UK families spent £46 on card fees alone last year, as companies hit out at government for failing to act

Tens of thousands of businesses across the UK have called on Parliament to tackle soaring card fees which amounted to £46 per household last year.

The companies argue that British businesses and consumers should be protected from the mounting cost of anti-competitive practices in card payments, which are adding to the price of goods and services.

Retailers spent £1.3 billion in 2020 to accept payments from their customers, and these costs are ultimately passed onto the consumer.

The group, which includes the British Retail Consortium (BRC), British Independent Retailers Association (BIRA), Association of Convenience Stores (ACS), Federation of Small Businesses (FSB), and UKHospitality, says that the national regulator is “failing to meet its statutory objectives”.

The UK’s Payment Systems Regulator is an independent arm of the government, accountable to MPs.


The watchdog recently concluded a consultation on its five-year strategy, which the group of businesses say will likely “deliver very little at the taxpayers’ expense”.

With more shopping than ever done online, customers have become more dependent on card payments. Cards now constitute more than 80% of UK retail sales, with Visa and Mastercard accounting for 99% of card transactions.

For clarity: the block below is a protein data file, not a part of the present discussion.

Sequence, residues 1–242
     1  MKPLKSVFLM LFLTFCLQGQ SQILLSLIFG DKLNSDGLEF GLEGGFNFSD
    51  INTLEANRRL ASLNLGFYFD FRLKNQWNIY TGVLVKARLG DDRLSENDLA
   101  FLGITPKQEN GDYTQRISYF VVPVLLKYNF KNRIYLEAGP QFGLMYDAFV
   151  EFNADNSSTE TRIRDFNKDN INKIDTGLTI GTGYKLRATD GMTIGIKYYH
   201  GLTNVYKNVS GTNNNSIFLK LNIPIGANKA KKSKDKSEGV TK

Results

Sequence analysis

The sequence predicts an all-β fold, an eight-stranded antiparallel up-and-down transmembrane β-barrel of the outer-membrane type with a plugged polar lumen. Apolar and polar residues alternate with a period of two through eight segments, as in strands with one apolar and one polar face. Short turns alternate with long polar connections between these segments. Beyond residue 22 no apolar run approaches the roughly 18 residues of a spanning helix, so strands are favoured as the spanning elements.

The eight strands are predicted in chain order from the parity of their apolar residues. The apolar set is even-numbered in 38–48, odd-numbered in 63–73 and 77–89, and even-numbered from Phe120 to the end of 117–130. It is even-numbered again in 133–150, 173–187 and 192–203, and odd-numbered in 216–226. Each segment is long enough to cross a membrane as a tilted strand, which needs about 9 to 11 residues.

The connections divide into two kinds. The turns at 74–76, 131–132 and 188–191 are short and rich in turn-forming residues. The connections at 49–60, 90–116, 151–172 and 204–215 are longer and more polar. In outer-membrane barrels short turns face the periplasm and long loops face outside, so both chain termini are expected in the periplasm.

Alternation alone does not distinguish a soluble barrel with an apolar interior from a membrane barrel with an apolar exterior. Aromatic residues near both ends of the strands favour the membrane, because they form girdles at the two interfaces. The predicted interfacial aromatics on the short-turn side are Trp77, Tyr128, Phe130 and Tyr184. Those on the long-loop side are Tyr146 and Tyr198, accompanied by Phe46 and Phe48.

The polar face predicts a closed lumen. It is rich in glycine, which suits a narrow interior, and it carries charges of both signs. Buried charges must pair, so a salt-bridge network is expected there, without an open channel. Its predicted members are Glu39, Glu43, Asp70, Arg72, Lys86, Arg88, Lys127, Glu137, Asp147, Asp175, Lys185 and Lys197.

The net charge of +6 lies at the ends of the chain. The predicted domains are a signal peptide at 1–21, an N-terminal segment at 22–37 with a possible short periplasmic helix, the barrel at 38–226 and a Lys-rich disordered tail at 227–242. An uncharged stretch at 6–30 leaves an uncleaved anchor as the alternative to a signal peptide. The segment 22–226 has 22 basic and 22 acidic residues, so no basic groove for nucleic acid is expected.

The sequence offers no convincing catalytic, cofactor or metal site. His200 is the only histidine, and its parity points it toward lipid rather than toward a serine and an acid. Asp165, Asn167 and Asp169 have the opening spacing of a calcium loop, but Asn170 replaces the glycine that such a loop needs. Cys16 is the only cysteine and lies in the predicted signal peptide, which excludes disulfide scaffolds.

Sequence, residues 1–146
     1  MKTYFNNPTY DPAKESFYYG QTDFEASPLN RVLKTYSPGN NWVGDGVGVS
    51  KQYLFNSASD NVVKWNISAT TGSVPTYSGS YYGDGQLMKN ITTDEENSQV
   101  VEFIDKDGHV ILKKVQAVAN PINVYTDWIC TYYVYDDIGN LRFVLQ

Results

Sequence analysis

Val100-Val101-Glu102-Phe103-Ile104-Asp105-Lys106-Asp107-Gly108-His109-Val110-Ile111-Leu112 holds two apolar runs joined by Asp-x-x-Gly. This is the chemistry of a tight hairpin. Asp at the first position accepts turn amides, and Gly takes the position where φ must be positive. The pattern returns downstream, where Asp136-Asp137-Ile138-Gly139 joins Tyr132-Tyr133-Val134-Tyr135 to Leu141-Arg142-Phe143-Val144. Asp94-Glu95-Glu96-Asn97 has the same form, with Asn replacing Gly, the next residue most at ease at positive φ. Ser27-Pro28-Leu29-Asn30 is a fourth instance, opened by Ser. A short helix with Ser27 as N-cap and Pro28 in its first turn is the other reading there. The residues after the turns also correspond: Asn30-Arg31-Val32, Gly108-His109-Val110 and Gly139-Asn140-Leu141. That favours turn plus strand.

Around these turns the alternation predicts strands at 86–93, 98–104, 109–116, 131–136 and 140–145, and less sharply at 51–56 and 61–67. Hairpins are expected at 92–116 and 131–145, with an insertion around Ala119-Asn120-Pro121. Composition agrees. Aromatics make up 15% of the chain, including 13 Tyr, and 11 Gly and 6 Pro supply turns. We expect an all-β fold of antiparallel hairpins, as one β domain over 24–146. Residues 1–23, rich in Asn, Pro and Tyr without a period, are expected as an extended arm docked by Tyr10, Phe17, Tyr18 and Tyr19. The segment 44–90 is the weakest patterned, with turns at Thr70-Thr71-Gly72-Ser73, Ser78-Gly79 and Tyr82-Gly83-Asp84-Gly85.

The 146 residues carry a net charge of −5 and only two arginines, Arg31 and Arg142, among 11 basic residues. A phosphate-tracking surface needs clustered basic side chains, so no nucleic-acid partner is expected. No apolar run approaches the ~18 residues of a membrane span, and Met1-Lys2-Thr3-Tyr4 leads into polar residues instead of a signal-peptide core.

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Nearly 40 cross-party MPs have already written to the regulator this year calling for robust regulatory measures on card fees.

“Our national regulator is proposing vague and distant goals for tackling today’s payment problems and it’s far too little, too late,” said Andrew Cregan, head of finance policy at the British Retail Consortium. “The Treasury Select Committee should conduct an appraisal of the PSR’s effectiveness and the value of this strategy.”

Sky News reported in March that the payments giant Visa was planning to hike fees for purchases made by UK-based customers from most of Europe – stoking fears of higher prices and fuelling the argument that Brexit is adding to the cost of trading with the EU.

From October, Visa will increase its so-called interchange fees to 1.5% for online credit card payments – a fivefold increase.